The term 'scrubbing' refers to a mechanical exfoliation process designed to remove dead skin cells from the epidermis and unclog pores. Given that the skin on the face is thinner and more sensitive than that on the body, it is important to differentiate the scrubbing process depending on the part of the body being exfoliated.
What are the differences between a facial scrub and a body scrub?
What is the benefit of exfoliating?
Skin cells renew themselves every 28 days on average. From a biological perspective, the keratinocytes originating from the deep layer of the epidermis known as the basal layer, gradually migrate towards the surface undergoing various mutations. When they lose their nuclei, they are referred to as corneocytes. In other words, these are dead cells that make up the horny layer, the most superficial layer of the skin. These scales are then naturally eliminated through sweat and sebum. However, boosting cell renewal by performing a scrub once a week can be beneficial for the skin. This practice allows to prepare the epidermis for treatment, deeply unclog the pores and stimulate blood circulation. In summary, scrubbing helps to improve the skin's texture and overall appearance.
Note : Caution! It is important to avoid exfoliating more than once a week. Indeed, excessively accelerating the process of cellular renewal can lead to the appearance of certain skin conditions such as psoriasis. Furthermore, exfoliations should not be performed at any given time. It is more prudent to exfoliate before bedtime to allow the hydrolipidic film time to regenerate.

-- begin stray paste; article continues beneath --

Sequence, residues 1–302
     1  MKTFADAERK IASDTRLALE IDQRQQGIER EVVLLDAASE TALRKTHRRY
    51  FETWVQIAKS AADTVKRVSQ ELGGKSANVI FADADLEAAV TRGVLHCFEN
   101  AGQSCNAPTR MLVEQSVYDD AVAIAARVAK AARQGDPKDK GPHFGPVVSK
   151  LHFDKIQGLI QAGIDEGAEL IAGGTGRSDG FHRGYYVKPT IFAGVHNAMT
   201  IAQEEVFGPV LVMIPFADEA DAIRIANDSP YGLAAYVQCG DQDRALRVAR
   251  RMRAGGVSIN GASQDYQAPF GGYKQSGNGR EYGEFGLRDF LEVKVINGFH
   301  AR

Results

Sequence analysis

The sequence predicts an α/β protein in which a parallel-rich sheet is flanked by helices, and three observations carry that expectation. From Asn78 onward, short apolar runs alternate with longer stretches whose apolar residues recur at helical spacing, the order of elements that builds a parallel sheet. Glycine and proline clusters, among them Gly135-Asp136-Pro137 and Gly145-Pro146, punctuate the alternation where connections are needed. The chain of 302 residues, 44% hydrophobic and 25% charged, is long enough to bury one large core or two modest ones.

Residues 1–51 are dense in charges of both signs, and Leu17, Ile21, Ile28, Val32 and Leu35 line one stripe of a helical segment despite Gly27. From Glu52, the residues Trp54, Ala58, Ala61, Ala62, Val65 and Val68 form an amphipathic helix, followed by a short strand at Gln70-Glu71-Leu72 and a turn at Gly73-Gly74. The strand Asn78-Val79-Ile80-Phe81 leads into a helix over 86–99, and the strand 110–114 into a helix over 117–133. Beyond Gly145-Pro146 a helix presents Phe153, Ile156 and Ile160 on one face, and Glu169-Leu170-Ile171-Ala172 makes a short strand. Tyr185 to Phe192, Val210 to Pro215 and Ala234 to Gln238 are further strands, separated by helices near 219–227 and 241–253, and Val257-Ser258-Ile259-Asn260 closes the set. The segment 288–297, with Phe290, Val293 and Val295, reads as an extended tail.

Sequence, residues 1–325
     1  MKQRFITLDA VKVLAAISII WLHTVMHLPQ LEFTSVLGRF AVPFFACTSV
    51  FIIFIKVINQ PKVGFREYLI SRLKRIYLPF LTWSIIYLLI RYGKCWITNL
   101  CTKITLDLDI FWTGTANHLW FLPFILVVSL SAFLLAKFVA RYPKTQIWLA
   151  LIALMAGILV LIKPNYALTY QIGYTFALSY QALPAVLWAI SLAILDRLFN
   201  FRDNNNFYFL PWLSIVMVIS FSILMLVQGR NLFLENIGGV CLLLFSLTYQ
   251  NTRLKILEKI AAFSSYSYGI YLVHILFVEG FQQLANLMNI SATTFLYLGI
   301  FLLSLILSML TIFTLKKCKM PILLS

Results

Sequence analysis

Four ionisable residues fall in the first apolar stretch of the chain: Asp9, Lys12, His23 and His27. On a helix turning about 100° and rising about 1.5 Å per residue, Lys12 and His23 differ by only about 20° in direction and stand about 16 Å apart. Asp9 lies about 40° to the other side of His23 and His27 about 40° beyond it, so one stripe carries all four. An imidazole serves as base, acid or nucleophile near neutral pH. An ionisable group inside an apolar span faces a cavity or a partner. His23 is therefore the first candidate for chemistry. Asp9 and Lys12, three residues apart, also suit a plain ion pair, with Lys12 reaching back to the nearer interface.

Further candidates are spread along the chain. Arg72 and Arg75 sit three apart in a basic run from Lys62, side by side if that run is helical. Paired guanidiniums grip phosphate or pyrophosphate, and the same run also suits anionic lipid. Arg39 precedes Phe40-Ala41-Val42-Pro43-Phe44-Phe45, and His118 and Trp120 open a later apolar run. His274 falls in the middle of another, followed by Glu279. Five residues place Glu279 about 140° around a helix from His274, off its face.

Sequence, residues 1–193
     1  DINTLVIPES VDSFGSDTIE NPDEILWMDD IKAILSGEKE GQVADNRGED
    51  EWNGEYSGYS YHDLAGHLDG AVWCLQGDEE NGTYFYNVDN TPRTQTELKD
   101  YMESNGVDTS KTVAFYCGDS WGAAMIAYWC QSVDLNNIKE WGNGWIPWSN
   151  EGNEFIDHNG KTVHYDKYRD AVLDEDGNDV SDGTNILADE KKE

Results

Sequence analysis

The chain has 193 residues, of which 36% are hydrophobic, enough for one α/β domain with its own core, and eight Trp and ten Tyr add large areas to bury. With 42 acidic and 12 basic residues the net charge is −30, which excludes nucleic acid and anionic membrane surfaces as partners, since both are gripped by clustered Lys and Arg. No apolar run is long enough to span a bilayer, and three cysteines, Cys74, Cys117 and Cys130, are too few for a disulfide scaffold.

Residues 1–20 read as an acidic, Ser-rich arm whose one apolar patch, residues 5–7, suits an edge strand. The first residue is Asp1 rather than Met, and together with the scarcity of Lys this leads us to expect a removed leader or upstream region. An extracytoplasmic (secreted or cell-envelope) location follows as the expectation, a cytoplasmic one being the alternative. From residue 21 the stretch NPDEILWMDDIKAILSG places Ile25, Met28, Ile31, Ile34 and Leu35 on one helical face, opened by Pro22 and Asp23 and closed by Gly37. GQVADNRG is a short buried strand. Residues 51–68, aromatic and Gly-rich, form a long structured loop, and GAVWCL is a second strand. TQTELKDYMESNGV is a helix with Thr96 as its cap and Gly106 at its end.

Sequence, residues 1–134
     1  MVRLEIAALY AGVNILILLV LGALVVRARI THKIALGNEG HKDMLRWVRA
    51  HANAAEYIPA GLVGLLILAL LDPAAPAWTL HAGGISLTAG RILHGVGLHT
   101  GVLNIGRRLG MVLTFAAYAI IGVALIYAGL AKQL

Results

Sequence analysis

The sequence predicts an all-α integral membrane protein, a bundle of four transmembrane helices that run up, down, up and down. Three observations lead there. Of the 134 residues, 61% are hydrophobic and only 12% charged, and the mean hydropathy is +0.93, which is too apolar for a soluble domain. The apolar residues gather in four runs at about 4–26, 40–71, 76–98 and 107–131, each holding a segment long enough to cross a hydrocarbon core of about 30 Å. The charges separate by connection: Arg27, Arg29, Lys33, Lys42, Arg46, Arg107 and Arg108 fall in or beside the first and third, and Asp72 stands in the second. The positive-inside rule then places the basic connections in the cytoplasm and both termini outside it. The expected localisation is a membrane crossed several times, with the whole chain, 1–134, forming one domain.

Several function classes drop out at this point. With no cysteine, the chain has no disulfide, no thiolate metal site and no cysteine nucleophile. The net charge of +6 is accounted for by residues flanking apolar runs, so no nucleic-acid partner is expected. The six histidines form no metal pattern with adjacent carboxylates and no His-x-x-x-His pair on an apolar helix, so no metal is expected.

The body scrub versus the face scrub.
The major difference between these two types of exfoliation lies in the size of the exfoliating grains and/or their content in the formula:
The face:While the body has a relatively thick skin texture, the skin on the face is thinner and more sensitive. Scrubs containing a small amount of particles are preferred, and/or those containing micro-grains that are more spherical, not angular. However, the most sensitive skins will still prefer a peel (also known as chemical exfoliation) based on fruit acids such as lactic acid.
The body:A mechanical scrub, more concentrated in exfoliating grains and/or with larger particles than those found in facial scrubs, is appropriate. Depending on the areas, be sure to adapt your movements. Thus, the roughest parts such as the elbows, heels or knees require a more vigorous scrub to prevent the appearance of imperfections or ingrown hairs. On the contrary, the neck, groin or armpits require a less energetic scrub. However, for the décolletage, it is better to use your facial scrub, which will prevent this area from becoming fragile and irritated.
Our facial and body scrubs.
Typology has developed four scrubs using micro-exfoliating grains derived from the grinding of apricot kernels. The facial scrubs are less concentrated in abrasive particles than the body scrubs, in order to respect your skin. All our scrubs have a unique texture: they are gels that become an exfoliating oil under the effect of massage, then emulsify into milk upon contact with water, facilitating their rinsing:
The radiant facial scrub is recommended for unclogging pores and promoting cellular renewal.
The regenerating facial scrub should be favoured if one wishes to diminish the appearance of the first signs of ageing.
The nourishing body scrub helps to soften and smooth the epidermis. It is particularly suitable for dry and uncomfortable skin.
The invigorating body scrub contains green coffee oil macerate (draining action) as well as lemongrass essential oils and Atlas cedar (anti-cellulite). It is recommended for smoothing, firming and toning the skin while reducing the appearance of cellulite.